Title:
Conductive polymer
Kind Code:
A1


Abstract:
The invention provides a polymer comprising an acid cured solvented resole wherein the solvented resole is substantially free from water; a shaped article formed from the polymer and use of the polymer as an electrode, as an electromagnetic shielding material, to suppress electromagnetic interference, or to prevent electrostatic discharge at a location; which polymer is conductive.



Inventors:
Murray, Graham Simpson (Hampshire, GB)
Application Number:
12/306156
Publication Date:
07/23/2009
Filing Date:
06/28/2007
Assignee:
BAC2 Ltd. (Eastleigh, Hampshire, GB)
Primary Class:
Other Classes:
156/325, 252/500, 429/518
International Classes:
H01B1/12; B32B37/12; H01M2/14; H01M4/02
View Patent Images:
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Primary Examiner:
USYATINSKY, ALEXANDER
Attorney, Agent or Firm:
WESTMAN CHAMPLIN & KOEHLER, P.A. (MINNEAPOLIS, MN, US)
Claims:
1. A conductive polymer comprising an acid cured solvented resole wherein the solvented resole is substantially free from water.

2. A polymer as defined in claim 1 wherein the solvented resole comprises a low polarity organic solvent.

3. A polymer as defined in claim 2 wherein the solvent has a boiling point which is greater than 100° C.

4. A polymer as defined in claim 2 wherein the solvent is an ester, an aldehyde, a ketone, a haloalkane and/or a carboxylic acid.

5. A polymer as defined in claim 1 wherein the water content of the solvented resole is less than 5% by weight.

6. A polymer as defined in claim 1 wherein the solvented resole is a solvented reaction product of a phenol-reactive aldehyde with an optionally substituted phenol.

7. A polymer as defined in claim 6 wherein the optionally substituted phenol is a compound of formula wherein R3 represents a straight or branched chain optionally unsaturated alkyl group containing from 1 to 8 carbon atoms optionally substituted by a halogen atom or a hydroxy group, a halogen atom a hydroxy group, and/or a phenyl or benzyl group (optionally substituted by a hydroxy group and/or a straight or branched chain alkyl group containing from 1 to 8 carbon atoms optionally substituted by a halogen atom or a hydroxy group); and n represents 0, 1 or 2.

8. A polymer as defined in claim 6 wherein the phenol-reactive aldehyde is a compound of formula
R4CHO (III) wherein R4 represents a hydrogen atom or a straight or branched chain alkyl group having from 1 to 8 carbon atoms; or a precursor of a compound of formula (III).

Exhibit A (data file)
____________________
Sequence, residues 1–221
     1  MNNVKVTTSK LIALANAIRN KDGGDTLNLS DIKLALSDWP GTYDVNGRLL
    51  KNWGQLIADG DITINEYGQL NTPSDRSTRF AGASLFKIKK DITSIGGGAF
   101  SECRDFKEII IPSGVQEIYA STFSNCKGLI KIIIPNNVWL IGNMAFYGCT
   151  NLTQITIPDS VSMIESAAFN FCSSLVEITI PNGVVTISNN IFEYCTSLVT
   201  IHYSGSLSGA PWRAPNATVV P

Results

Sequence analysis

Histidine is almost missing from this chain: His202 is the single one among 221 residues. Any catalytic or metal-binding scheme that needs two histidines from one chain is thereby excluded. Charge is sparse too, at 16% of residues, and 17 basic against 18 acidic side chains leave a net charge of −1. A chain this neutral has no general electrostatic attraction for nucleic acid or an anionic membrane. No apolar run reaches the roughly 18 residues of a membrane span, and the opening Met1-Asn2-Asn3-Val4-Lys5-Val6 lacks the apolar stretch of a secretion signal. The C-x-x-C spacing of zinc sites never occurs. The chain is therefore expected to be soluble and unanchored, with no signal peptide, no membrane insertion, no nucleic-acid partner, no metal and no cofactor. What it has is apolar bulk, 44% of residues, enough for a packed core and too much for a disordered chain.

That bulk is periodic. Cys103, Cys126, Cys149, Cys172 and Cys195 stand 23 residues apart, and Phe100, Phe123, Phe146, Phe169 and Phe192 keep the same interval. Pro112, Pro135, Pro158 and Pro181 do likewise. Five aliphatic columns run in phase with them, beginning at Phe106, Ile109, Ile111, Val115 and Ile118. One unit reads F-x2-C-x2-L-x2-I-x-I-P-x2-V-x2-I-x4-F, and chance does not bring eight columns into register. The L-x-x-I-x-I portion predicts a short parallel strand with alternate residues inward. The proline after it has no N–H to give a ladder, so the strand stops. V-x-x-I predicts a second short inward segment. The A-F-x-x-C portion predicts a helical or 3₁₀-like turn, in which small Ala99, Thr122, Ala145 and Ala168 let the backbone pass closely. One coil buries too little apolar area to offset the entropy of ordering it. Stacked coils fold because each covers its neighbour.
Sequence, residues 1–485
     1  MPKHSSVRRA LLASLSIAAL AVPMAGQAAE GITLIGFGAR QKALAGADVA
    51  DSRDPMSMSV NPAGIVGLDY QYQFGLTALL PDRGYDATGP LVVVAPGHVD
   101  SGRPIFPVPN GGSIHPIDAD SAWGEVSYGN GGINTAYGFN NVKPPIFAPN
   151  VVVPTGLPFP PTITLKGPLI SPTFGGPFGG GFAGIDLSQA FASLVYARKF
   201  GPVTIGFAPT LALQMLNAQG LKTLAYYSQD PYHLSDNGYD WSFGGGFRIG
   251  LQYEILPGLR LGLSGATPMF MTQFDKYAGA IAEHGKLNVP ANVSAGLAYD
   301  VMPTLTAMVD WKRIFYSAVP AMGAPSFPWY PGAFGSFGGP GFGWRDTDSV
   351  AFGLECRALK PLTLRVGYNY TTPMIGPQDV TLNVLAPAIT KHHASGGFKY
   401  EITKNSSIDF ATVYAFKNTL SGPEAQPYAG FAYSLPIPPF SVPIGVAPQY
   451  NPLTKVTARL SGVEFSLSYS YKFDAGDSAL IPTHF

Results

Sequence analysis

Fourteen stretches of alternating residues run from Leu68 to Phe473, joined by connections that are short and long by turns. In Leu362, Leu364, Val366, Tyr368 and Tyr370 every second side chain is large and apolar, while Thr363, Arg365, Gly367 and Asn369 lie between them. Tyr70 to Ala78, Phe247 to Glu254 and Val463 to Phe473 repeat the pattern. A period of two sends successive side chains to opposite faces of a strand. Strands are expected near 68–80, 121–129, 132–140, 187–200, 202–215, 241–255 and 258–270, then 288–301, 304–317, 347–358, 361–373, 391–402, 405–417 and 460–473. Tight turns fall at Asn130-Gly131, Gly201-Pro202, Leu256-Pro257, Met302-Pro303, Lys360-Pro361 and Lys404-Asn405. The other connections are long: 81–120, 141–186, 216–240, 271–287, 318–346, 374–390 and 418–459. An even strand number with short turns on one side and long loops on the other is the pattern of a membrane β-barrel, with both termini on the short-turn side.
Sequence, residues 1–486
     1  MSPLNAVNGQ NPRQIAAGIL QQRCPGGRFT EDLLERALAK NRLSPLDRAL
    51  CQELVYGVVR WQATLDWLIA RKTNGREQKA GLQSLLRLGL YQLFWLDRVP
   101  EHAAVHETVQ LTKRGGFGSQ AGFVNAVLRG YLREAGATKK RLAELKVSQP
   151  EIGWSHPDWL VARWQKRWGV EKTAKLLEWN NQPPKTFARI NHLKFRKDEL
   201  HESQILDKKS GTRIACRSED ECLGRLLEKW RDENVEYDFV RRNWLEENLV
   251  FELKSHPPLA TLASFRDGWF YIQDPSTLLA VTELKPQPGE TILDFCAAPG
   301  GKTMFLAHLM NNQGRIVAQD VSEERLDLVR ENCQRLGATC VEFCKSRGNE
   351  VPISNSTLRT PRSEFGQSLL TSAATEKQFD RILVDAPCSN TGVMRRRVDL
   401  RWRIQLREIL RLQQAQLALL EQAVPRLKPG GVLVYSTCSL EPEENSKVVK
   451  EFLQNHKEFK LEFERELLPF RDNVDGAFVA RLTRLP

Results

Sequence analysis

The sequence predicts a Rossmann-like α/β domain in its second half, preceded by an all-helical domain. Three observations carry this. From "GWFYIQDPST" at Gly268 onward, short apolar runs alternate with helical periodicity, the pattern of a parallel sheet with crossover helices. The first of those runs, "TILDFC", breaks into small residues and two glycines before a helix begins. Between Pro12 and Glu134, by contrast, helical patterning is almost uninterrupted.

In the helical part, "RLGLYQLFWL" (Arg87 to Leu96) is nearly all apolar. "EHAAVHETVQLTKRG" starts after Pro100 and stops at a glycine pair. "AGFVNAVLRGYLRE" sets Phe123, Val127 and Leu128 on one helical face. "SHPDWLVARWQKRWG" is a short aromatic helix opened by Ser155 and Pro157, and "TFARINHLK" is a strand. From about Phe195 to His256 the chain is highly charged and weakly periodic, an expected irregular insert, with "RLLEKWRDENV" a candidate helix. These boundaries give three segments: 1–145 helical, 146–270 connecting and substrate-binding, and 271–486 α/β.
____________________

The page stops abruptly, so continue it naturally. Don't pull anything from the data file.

9. A polymer as defined in claim 1 wherein the acid is an inorganic acid, an organic acid or an organo-mineral acid.

10. A polymer as defined in claim 9 wherein the organo-mineral acid is a low molecular weight organo-mineral acid which is a compound of formula
R5X (IV) wherein R5 represents a hydrogen atom; a straight or branched chain alkyl group containing from 1 to 8 carbon atoms optionally substituted by a halogen atom; or a phenyl group optionally substituted by a straight or branched chain optionally unsaturated alkyl group containing from 1 to 8 carbon atoms optionally substituted by a hydroxy group, a halogen atom, a hydroxy group, and/or a phenyl or benzyl group (optionally substituted by a hydroxy group and/or a straight or branched chain alkyl group containing from 1 to 8 carbon atoms); and X represents a sulphonic acid group (—SO3H), a phosphoric acid group (—OP(OH)3) or a phosphorous acid group (—P(O)(OH)2); or the organo-mineral acid is a high molecular weight organo-mineral acid which is a compound of formula
(R6(X)CH2)p(R6CH2)q(R6) (V) wherein R6 represents a phenyl group optionally substituted by a straight or branched chain optionally unsaturated alkyl group containing from 1 to 8 carbon atoms optionally substituted by a hydroxy group, a halogen atom, a hydroxy group, and/or a phenyl or benzyl group (optionally substituted by a hydroxy group and/or a straight or branched chain alkyl group containing from 1 to 8 carbon atoms); X is as defined above; p represents an integer from 1 to 10 and q represents an integer from 0 to 9 such that the sum of p and q is from 3 to 20.

11. A polymer as defined in claim 1 which further comprises a conductive filler.

12. (canceled)

13. An electrical device comprising: (a) a negative electrode; (b) a positive electrode; and (c) an electrolyte means; and optionally (d) a separator and/or bipolar plate; wherein one or more electrode and/or electrolyte means, separator or bipolar plate comprises a polymer as defined in any one of the preceding claims.

14. A shaped article formed from the polymer as defined in claim 1 which article is suitable for use as an electrical connector, an electrical current carrier, a shield for electrical or electrostatic discharge, an electrode, a heating element, an electrolyte, and/or an ion exchange membrane.